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A simple application of Web Services in .net

Web services are used to give websites program functionality via internet. Web services can
accept messes and can return replies.


A simple example to demonstrate, how to design and use that web services in our website.
Web service has “.asmx” extension.
To designing web service select New Project and in the New Project dialog box select
“ASP.NET Web Service Application”
Now once the ASP.NET Web Service Application page opened we will do some coding part.

Code (WebService1.asmx.cs)

//before writing any method in web service we have to write “[WebMethod]”
//within square brakets”[ ]”.

//creating method Add which will accept two arguments.
        public int Add(int a, int b)
//returning value
            return a + b;

Now, we need to compile the application and add the compiled application 
to IIS in  order to get its web refrence, as we have to add its 
web refrence where we have to use it.

Example to demonstrate how to use Web service in our website

Designing website

Web Site design code(Default.aspx)

<form id="form1" runat="server">
    <asp:TextBox ID="TextBox2" runat="server"
    <asp:TextBox ID="TextBox1" runat="server"
    <asp:Button ID="btnAdd" runat="server" onclick="btnAdd_Click"
        Text="Add" />
    <asp:Label ID="Label2" runat="server" Text="TextBox2"
    <asp:Label ID="Label1" runat="server" Text="TextBox1"

Code for adding two numbers in text boxes using the web service

Before writing the code we need to add the web reference of the web service. To add web
reference of the web service right click in “Solution Explorer” and select “Add Web Reference”,
   add web reference dialog box will appear. There add the web reference of the service in my
case it is http://localhost:51481/Service1.asmx.

Code for website

//code for add button click
protected void btnAdd_Click(object sender, EventArgs e)
//creating object of service created earlier.
        localhost.Service1 ws = new localhost.Service1();
//using Add method of web service and displaying the result in the page.
  Response.Write((ws.Add(int.Parse(TextBox1.Text), int.Parse(TextBox2.Text))).ToString());

Screen shot of web page

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Top ten Techies who changed the world

Steve Jobs, Apple – Maverick entrepreneur and co-founder of Apple, Steve Jobs is the current grandmaster of technology. Business savvy and a risk taker, Jobs is the visionary who redefined technology with world changing products like the Personal Computer, iPod, iPhone and iPad.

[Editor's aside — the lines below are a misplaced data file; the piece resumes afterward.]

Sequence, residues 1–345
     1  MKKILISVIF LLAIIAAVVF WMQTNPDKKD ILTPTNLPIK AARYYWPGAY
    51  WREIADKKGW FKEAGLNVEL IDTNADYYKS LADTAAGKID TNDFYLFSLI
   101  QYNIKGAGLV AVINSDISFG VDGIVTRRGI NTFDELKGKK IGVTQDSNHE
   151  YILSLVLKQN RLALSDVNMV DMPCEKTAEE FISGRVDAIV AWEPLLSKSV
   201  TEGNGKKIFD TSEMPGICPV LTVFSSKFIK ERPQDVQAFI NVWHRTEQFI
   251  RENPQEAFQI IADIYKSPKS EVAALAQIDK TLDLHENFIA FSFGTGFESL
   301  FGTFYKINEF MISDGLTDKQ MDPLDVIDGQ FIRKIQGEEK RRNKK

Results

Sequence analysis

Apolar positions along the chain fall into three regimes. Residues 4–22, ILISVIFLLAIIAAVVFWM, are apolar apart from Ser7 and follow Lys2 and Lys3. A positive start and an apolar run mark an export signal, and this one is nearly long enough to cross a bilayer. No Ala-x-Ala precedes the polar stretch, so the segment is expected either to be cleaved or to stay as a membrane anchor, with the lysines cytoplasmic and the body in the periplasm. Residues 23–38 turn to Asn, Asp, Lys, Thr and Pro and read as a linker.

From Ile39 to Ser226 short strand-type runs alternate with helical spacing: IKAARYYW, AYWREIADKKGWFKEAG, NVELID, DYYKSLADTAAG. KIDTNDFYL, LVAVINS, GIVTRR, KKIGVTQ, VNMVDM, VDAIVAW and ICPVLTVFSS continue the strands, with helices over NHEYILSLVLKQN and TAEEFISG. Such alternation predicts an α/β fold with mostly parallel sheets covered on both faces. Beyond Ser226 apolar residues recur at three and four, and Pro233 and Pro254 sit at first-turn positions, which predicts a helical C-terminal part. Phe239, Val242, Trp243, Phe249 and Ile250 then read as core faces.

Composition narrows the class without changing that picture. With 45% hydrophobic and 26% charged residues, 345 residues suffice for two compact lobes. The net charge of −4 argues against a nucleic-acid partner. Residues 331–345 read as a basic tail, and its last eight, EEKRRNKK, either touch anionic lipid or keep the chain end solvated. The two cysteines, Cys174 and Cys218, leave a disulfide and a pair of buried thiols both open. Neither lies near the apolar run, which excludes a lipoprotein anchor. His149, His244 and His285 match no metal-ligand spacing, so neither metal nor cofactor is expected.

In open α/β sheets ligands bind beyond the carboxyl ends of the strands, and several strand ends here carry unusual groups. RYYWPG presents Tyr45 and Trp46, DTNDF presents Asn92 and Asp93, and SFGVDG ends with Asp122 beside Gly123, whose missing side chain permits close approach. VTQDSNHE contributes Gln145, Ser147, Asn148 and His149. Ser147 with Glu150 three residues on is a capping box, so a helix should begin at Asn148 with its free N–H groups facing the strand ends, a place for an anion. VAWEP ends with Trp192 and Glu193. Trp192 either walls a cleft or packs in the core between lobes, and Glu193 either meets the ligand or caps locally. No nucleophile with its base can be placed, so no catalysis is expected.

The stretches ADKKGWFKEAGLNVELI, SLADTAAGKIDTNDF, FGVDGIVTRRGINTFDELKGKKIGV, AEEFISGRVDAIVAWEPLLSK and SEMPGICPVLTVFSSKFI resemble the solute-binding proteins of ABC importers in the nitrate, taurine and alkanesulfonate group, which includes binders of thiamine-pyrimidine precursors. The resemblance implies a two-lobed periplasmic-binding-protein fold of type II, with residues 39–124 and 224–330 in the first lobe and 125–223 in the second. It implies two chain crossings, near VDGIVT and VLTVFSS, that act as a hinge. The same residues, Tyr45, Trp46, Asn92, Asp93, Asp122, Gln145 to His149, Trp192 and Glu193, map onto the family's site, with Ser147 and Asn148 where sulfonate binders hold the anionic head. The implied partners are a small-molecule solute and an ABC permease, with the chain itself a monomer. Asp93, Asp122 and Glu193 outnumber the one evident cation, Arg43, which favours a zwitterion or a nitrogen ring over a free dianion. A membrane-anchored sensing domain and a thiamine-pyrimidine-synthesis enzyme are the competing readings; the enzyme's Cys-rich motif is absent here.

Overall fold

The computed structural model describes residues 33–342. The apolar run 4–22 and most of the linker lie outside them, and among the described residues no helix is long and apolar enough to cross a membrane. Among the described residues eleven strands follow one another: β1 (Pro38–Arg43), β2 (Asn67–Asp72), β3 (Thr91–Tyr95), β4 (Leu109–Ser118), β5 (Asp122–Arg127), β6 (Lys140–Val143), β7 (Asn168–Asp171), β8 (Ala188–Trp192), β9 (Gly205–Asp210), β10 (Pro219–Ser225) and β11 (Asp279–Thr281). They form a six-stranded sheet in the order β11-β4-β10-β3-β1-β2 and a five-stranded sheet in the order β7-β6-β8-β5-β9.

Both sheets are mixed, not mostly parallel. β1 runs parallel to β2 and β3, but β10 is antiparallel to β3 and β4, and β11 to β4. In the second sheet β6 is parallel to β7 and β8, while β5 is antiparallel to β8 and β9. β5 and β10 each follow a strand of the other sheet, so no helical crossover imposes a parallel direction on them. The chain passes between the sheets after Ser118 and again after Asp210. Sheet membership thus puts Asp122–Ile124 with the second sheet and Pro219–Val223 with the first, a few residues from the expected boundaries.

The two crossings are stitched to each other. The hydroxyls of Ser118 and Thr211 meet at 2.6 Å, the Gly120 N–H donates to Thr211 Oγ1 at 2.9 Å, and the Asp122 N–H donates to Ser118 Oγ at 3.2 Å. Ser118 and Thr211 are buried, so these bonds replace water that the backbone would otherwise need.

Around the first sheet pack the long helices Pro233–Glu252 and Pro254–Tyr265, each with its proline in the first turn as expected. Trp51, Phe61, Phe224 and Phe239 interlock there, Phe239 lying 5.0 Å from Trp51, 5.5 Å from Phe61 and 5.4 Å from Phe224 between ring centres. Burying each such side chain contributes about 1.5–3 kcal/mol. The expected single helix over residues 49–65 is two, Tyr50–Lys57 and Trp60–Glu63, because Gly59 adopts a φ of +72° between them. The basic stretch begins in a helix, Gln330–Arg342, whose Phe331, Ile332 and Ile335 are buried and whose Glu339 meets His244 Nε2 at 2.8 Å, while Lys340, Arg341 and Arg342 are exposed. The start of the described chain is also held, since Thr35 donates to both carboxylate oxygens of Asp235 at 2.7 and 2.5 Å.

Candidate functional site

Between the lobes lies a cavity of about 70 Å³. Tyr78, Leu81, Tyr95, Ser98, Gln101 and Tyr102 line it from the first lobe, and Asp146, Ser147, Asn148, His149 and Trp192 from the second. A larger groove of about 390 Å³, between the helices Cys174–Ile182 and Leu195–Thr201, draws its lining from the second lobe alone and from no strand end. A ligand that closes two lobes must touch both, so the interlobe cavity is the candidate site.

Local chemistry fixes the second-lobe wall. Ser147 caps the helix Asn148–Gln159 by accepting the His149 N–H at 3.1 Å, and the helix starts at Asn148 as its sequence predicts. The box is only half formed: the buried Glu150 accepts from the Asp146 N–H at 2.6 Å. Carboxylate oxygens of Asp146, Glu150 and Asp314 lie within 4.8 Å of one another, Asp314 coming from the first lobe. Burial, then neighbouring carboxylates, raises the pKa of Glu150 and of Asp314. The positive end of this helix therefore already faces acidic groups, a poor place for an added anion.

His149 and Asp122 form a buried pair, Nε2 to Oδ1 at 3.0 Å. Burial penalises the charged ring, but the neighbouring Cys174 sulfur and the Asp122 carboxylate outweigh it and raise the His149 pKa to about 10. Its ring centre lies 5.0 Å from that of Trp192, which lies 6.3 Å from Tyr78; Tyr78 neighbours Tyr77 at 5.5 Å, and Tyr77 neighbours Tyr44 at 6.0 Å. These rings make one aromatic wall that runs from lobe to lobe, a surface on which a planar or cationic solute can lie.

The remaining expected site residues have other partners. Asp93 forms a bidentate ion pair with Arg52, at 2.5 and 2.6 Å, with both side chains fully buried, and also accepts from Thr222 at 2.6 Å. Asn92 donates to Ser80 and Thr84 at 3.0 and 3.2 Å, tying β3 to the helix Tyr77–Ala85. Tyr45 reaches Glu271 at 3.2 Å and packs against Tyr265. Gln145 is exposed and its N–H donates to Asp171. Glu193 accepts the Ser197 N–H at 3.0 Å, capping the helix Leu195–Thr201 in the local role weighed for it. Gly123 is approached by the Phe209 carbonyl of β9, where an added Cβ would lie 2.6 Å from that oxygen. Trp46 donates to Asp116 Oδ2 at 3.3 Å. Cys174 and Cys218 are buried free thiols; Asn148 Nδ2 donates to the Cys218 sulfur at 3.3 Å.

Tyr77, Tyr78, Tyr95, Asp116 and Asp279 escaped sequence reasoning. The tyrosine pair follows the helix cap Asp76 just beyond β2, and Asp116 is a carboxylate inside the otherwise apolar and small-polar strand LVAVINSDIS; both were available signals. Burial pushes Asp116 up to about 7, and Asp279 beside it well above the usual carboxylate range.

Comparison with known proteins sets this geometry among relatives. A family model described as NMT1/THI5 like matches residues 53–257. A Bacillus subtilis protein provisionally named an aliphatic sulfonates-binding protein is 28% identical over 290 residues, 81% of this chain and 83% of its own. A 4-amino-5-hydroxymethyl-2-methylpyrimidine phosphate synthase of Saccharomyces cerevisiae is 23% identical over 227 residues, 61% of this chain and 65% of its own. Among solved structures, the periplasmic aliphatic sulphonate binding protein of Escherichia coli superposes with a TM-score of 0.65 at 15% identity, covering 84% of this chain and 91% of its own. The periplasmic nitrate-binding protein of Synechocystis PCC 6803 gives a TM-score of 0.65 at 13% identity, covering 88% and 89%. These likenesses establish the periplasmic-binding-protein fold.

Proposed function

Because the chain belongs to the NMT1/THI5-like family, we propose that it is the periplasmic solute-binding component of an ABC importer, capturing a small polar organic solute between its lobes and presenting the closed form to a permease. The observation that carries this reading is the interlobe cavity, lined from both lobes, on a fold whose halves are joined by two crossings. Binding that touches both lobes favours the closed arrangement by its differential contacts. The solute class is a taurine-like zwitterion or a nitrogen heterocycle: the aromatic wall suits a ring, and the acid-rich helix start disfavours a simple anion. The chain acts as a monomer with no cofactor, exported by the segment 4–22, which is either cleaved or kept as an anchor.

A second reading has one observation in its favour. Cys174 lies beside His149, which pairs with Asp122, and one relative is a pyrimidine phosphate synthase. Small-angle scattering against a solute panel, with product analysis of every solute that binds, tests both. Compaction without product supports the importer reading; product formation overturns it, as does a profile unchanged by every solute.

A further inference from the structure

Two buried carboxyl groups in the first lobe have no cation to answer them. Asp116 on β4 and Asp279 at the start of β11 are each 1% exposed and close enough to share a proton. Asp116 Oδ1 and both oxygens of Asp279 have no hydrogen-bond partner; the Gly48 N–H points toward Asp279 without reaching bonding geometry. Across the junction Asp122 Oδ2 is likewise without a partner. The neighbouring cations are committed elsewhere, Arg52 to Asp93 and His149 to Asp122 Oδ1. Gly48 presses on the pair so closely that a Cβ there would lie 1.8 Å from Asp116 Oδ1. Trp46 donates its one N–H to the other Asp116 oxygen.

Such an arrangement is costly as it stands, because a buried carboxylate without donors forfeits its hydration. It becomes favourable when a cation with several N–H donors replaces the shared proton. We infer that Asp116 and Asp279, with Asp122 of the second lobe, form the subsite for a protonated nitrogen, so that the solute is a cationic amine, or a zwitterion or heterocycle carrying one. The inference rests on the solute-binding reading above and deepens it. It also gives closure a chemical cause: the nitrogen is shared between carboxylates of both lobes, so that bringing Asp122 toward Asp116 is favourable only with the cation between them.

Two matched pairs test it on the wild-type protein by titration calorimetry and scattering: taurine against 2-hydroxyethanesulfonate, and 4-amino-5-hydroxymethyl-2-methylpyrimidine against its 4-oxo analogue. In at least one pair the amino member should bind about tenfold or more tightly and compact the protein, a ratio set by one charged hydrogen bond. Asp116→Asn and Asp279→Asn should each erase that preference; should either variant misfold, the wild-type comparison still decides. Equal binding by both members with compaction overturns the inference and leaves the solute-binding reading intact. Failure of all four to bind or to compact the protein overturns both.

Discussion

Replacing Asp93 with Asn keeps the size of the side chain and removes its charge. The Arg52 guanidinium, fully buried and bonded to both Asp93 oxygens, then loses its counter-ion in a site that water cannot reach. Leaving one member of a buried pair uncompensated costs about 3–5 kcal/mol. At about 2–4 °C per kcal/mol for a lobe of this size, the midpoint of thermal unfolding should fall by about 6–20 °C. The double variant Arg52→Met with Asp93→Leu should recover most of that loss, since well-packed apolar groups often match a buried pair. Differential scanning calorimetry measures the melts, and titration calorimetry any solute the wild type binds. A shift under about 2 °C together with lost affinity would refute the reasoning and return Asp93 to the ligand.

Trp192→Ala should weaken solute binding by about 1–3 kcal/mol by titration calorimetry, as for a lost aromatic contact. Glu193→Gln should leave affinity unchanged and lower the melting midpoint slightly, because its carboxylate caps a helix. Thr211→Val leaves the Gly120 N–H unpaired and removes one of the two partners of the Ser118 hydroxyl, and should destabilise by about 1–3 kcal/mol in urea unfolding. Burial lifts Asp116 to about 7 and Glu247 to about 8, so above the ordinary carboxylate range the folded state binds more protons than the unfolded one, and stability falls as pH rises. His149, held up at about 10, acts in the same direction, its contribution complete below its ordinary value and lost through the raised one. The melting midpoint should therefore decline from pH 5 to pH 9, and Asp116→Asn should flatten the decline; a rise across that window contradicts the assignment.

Mark Zuckerberg, Facebook – Whizkid Zuckerberg almost single handedly transformed the Internet from a place people went to get information to a place they went to meet each other. Facebook gave the virtual world a patina of humanity, the real world a new medium of interpersonal relationships, and made Zuckerberg not only this generation's phenomenon, but also the second youngest billionaire in the world. Interesting fact: The youngest billionaire is Dustin Moskovitz – co-founder of Facebook and 8 days younger than Zuckerberg, his Harvard roommate

Bill Gates, Microsoft – The Microsoft founder has passed the legion of supergeeks into the pantheon of technological demi-gods. The richest man in the world from 1995 to 2007 is currently the second richest. He holds 8 percent of Microsoft stock and now functions as the non-executive chairman of the company. Over the years, Gates and wife Melinda have made philanthropy their primary concern and recently pledged to give away at least half their fortune to charity with time.

Linus Torvalds, Linux – This Finnish engineer is virtually unknown outside the inner circles of technology, yet he is among the most influential figures in software development. A believer in open source software, Torvalds initiated thedevelopment of the Linux Kernel. He now acts as the coordinator of the project. The Linux operating system runs the 10 fastest supercomputers in the world and a diverse range of hardware including the smallest of devices. A modified version of the Linux kernel powers the ubiqitous Android OS

Larry Page and Sergey Brin, Google – Co-founders of internet behemoth Google, Larry Page and Sergey Brin ran Google from a rented garage in 1998. Twelve years later, Google has left it's Silicon Valley startup past way behind to become the world's largest media corporation.

Evan Williams, Twitter & Blogger – Virtually unknown in the real world, this college drop-out created two key communication technologies that shaped the Internet – Blogger and Twitter. He no longer works at Twitter but he's left an indelible handprint on the cyberworld.

Shigeru Miyamoto, Nintendo – Even if you've never played a video game, chances are you've heard of Super Mario Bros. Shigeru Miyamoto is the Japanese game designer behind popular Nintendo titles like Legend of Zelda, Donkey Kong, Star Fox, and the grand old man of gaming, Mario.

Jeffrey Bezos, Amazon – In 1994, this Princeton graduate started from his garage in Seattle and changed the face of online retail forever. He began with selling books online but soon diversified into, well, almost everything. Amazon made him a billionaire as well as Time magazine's person of the year in 1999.